Haskell's type system is closely based on Hindly-Milner. HM has the nice property that all programs can be fully inferred - in Haskell most programs can be mostly inferred.

Simon Peyton Jones has commented that as Haskell's type system has expanded it has moved to a knife's edge where just one more tiny feature can turn it around where most programs must mostly be type annotated. Subtyping is not a tiny feature to add to a type system, and indeed Martin Odersky has said that it's a major reason for Scala's limitations in type inference.

Subtyping can also creates a real challenge for type safety. As I alluded above, if a user can add subtypes then pattern matching on subtypes can't be shown exhaustive without whole program analysis. Pattern matches on closed ADTs, on the other hand, are easy to prove exhaustive.

Also, Leon is talking about functions being specialized for polymorpic types which is a different thing altogether. Scala doesn't do that as far as I know.

### Doesn't break subtyping

The Scala manner of specializing doesn't break subtyping or type inference in any way. One just can add a rule that a type-match case construct can take any type (and return the intersection of the rewrite).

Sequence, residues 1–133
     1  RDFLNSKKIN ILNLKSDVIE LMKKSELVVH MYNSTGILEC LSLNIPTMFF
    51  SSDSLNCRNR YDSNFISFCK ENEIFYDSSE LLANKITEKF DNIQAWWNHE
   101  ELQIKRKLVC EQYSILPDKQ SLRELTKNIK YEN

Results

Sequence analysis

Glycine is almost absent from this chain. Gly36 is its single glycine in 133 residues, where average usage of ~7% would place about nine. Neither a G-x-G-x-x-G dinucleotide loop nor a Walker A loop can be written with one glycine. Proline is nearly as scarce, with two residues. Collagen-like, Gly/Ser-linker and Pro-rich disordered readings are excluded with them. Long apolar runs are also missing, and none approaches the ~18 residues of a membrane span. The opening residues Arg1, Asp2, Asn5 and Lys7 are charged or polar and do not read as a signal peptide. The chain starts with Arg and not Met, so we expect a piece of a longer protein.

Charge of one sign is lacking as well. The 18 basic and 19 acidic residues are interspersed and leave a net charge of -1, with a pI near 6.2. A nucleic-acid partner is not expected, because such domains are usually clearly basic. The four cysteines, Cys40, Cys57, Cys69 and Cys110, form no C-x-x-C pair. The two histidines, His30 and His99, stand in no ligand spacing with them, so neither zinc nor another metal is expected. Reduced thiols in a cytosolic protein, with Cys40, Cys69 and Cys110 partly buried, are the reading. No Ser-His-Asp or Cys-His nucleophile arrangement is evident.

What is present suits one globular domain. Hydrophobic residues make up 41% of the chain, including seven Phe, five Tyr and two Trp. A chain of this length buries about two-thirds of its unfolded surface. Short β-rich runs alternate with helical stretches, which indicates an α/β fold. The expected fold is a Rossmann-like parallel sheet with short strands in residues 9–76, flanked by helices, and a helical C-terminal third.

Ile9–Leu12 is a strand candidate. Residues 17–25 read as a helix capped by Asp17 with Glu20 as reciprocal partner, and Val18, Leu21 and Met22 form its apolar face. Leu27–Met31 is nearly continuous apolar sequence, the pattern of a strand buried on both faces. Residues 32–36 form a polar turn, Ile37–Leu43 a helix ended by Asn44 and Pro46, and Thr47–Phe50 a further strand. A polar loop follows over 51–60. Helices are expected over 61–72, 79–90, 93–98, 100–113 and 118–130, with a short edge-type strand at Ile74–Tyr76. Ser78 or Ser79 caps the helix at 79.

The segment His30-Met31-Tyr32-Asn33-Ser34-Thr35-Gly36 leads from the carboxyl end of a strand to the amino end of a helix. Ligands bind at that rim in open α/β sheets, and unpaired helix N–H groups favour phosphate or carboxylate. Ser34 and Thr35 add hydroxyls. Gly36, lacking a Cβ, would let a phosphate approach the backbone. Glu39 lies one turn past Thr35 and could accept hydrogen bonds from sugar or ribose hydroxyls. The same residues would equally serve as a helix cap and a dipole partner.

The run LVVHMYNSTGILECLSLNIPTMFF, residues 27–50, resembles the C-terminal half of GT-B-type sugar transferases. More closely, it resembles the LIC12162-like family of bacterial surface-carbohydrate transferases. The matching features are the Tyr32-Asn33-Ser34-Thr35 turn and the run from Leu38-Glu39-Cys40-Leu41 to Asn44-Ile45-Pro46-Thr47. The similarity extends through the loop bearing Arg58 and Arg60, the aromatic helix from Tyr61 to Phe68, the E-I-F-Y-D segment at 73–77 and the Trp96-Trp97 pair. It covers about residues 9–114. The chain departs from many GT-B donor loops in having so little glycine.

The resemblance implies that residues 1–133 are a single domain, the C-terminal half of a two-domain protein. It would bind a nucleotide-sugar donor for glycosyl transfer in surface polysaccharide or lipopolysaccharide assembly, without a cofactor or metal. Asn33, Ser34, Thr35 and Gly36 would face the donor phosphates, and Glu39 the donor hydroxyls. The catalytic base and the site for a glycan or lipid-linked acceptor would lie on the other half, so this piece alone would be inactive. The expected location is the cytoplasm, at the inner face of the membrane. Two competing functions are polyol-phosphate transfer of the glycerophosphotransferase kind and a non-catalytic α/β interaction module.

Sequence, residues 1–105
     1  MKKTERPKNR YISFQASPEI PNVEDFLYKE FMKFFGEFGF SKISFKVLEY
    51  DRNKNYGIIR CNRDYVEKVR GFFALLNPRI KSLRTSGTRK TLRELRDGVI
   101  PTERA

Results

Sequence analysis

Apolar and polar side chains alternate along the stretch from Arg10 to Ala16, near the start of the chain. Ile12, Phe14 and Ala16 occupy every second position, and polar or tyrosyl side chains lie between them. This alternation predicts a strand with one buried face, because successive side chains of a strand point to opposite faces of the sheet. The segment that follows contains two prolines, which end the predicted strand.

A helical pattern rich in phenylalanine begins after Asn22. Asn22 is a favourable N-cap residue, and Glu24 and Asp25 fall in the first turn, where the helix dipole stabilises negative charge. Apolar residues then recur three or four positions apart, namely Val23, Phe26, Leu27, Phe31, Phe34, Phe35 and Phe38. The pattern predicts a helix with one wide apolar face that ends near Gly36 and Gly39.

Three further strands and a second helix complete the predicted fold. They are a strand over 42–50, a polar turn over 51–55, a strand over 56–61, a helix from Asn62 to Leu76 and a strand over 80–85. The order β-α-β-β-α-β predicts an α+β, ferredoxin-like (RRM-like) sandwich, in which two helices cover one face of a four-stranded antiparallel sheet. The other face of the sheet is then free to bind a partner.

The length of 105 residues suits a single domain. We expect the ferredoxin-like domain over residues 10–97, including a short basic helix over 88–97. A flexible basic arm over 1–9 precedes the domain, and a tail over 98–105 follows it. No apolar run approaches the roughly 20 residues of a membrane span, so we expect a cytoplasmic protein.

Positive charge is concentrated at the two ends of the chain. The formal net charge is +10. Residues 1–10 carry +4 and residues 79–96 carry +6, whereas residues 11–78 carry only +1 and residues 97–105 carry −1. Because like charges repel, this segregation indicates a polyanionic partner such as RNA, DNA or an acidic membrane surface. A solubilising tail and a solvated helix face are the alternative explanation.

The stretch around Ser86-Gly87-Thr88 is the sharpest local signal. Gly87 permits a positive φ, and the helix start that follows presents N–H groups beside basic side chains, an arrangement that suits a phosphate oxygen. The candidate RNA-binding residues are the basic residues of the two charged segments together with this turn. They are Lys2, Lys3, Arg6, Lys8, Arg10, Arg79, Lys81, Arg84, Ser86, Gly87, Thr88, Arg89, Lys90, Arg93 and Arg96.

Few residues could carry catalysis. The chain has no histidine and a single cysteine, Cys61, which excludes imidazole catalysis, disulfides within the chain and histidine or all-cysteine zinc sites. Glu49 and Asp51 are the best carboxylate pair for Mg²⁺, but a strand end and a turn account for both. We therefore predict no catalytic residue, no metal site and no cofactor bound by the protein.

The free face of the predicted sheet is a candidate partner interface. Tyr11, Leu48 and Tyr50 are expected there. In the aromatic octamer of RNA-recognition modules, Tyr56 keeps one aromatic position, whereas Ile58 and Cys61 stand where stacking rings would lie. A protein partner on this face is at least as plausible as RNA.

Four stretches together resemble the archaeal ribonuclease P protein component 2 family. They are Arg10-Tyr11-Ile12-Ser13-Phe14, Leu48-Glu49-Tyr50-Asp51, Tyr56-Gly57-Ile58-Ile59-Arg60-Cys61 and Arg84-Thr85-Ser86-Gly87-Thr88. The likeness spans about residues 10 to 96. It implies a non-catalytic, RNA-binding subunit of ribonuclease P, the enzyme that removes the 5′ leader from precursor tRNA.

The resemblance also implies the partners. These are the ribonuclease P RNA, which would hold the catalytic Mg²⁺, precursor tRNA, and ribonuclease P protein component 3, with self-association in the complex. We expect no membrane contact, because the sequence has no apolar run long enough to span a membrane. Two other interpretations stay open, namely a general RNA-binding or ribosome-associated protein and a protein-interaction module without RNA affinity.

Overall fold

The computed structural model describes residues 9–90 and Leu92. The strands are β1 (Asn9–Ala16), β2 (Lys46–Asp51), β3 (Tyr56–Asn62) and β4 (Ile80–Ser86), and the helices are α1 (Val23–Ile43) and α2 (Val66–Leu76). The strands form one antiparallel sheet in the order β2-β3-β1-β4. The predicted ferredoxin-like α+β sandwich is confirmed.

The exhaustiveness check is not needed if you just add a default rule (if no types match then do this). (Stated differently: I could accept doing without the exhaustiveness check; I guess this is just a way of thinking which goes against Haskell's "check-as-much-as-you-can" philosophy).

I see the problem with polymorphic types since you would need to pass around RTTI. You are right, guess that is it.

### Miscommunication

The Scala manner of specializing doesn't break subtyping or type inference in any way

I think we misunderstood each other. I thought you were asking why Haskell doesn't have Scala style matching based on subtyping. In Scala, I can write a function that takes an argument of any specific type and then pattern match on on its subtypes. As such, I was saying that Haskell doesn't do that because it doesn't have subtypes.

If I understand you correctly, you're not proposing full subtyping - you just want one special top type to mean "the unknown type" and some way to dispatch based on a value's known type. In that case, you're right, there is no technical reason why a Haskell like language couldn't have such a thing built-in by doing the equivalent of always deriving Data.Typeable plus generating RTTI for functions.

The exhaustiveness check is not needed if you just add a default rule

Indeed, but the default rule that would most often be used is to throw an error, so requiring it is not terribly useful.

I see the problem with polymorphic types since you would need to pass around RTTI. You are right, guess that is it.

In fact, in Scala that is a problem because type parameters are erased from RTTI. So you can't write

def foo(l : List[_]) : String = l match {
case _ : List[String] => "strings"
case _ : List[Int] => "integers"
case _ : List[Tree] => "trees"
}